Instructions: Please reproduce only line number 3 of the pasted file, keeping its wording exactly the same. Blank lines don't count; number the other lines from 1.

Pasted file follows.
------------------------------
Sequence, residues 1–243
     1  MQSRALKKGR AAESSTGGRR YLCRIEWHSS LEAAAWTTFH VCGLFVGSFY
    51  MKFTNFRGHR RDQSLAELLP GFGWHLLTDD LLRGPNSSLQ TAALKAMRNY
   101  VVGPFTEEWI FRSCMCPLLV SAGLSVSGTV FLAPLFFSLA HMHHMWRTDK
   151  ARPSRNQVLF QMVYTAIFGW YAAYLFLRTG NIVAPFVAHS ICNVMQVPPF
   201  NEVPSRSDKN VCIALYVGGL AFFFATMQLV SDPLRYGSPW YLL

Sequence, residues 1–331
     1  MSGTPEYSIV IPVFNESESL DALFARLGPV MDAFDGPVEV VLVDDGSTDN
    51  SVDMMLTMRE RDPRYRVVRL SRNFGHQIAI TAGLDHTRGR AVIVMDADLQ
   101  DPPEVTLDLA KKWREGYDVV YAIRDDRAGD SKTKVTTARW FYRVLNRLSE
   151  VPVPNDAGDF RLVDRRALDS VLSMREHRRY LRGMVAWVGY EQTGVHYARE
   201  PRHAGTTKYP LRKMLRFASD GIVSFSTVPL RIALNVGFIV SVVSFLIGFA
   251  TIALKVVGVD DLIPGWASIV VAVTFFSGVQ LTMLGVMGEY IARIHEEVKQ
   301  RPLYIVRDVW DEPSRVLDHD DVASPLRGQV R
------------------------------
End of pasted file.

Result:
    51  MKFTNFRGHR RDQSLAELLP GFGWHLLTDD LLRGPNSSLQ TAALKAMRNY